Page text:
Posted on behalf of:
Springfield Lorton Dental Group
5419-C Backlick Rd
Springfield, VA 22151
(703) 256-8554


Brush or Floss First—Does it Matter?

Posted in Gum Disease

Dentists have long debated back and forth about whether it’s better to brush or floss first.

Is it best to brush before flossing or floss before brushing your teeth? The answer may surprise you.

Study Confirms That Flossing First Wins

One recent study suggested that flossing before you brush may be the most effective way to clean your teeth. The study participants had less plaque left between their teeth when they flossed before brushing when compared with brushing before flossing.

Benefits of Flossing First

It’s quite possible that flossing before brushing gets your teeth the cleanest they can be. Removing more debris lowers the risk of tooth decay and gum disease, and a cleaner tooth surface has better access to fluoride from the toothpaste used in brushing.

Perhaps the biggest benefit is that having a habit of flossing first makes it harder to skip this chore. It’s easy to conveniently forget to floss! If you brush first, your teeth will feel clean and your mouth will taste minty-fresh leading you to conclude that your job is all done. But get that flossing out of the way, and the hard part is over.

Brushing or Flossing First—When it Doesn’t Matter

The difference between brushing and flossing first is small and may not have a major impact on your oral health. The most important thing is to get your flossing in at least once a day. Do it whenever you have the time and whenever you want to do it, whether it’s before or after you brush. Find a routine you can stick with to get the greatest benefit out of flossing.

Visit a local dentist for more dental hygiene tips.

Posted on behalf of:
Pure Dental Health
2285 Peachtree Rd #203
Atlanta, GA 30309
(678) 666-3642


Do Your Gums Bleed When You Brush? Why That Could Mean Trouble

Posted in Gum Disease

Are bleeding gums a common occurrence for you? Even if your gums always bleed when you brush or floss it may be time to see a dentist. Bleeding gums are never normal.

Why Gums Bleed

Normal brushing and flossing and dental cleanings don’t cause healthy gums to bleed. Gums that are already sick will easily bleed when disturbed, however.

Your gums are made up of a complex and sensitive tissue. When they’re exposed to irritants such as plaque bacteria, they swell up as part of an immune response. The skin over swollen gums thins out and the blood vessels inside the tissue expand. This makes them very susceptible to bleeding when they’re bumped.

What Does it Mean When Your Gums Bleed?

If your gums bleed from a normal activity such as brushing, then that’s a sign that they’re probably swollen.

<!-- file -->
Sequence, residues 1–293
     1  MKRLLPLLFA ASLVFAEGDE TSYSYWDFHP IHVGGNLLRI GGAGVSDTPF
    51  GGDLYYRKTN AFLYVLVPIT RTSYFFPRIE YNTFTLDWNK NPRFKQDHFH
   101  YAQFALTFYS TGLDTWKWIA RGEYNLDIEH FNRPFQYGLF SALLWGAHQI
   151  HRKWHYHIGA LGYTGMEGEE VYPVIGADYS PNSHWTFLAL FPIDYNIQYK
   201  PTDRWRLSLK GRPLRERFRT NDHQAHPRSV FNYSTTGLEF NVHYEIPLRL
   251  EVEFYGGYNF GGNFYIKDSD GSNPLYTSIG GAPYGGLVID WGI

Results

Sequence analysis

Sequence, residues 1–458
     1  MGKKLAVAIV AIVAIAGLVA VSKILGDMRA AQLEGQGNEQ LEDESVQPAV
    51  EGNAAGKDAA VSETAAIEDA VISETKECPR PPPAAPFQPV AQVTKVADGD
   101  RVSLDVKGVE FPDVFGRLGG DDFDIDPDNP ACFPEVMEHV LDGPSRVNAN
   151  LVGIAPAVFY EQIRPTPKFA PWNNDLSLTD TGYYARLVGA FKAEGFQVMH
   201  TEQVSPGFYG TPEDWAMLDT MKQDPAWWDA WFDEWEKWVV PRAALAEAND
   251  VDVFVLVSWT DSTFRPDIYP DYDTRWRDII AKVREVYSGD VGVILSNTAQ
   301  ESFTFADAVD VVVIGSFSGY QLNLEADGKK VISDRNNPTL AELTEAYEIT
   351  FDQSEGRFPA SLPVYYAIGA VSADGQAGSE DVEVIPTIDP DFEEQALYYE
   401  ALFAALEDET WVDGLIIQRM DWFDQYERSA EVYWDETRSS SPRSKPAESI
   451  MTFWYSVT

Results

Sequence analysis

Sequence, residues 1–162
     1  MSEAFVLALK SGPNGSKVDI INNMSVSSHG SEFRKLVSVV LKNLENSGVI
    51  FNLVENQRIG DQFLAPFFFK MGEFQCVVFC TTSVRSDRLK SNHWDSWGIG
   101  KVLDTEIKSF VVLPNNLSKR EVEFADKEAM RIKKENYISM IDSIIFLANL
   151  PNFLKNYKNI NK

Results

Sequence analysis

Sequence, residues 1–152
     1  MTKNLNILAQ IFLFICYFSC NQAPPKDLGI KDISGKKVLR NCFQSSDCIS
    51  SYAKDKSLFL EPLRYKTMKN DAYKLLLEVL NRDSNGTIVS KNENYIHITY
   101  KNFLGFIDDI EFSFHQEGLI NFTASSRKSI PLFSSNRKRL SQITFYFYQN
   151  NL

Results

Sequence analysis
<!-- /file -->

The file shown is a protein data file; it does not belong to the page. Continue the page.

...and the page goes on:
Gum swelling is often due to poor oral hygiene. If you don’t brush and floss your teeth properly or often enough, the plaque that’s left behind can trigger gingivitis. Swelling may also be an overreaction to irritants due to hormone changes such as during pregnancy.

How to Stop Bleeding Gums

Happily, it’s quite simple to treat gums that bleed when you brush. The first thing you might try is switching to a soft toothbrush and brushing more often to ensure all the plaque is gone. Use an anti-gingivitis rinse to reduce bacteria in your mouth. Swish with salt water to soothe sore gums and bring down the swelling.

Gum swelling and gingivitis can lead to a more severe form of gum disease called periodontitis. So if your gums bleed during brushing, schedule a dental checkup right away.

Posted on behalf of:
Gold Hill Dentistry
2848 Pleasant Road #104
Fort Mill,  South Carolina 29708
(803) 566-8055


Will Swollen Gums Go Away?

Posted in Gum Disease

Yes, you’ll be relieved to learn that swollen gums are reversible. Whether or not your gums get better, however, depends mainly on you.

Why Gums Swell

Swollen gums are marked by:

  • Puffiness
  • Tenderness
  • Itchiness
  • Bleeding

As you likely are experiencing, swollen gums can be quite uncomfortable. What’s causing this discomfort?

The tissues in your delicate gums are reacting to plaque bacteria left on your teeth. When these germs come in contact with your gums, they trigger an immune response that results in increased blood vessels and fluids in your gums.

If you have poor oral hygiene, then your gums may swell often from constantly being covered in plaque. At other times, hormone fluctuations in your body can make your gums more sensitive despite having great oral hygiene.

How to Reverse Gum Swelling Quickly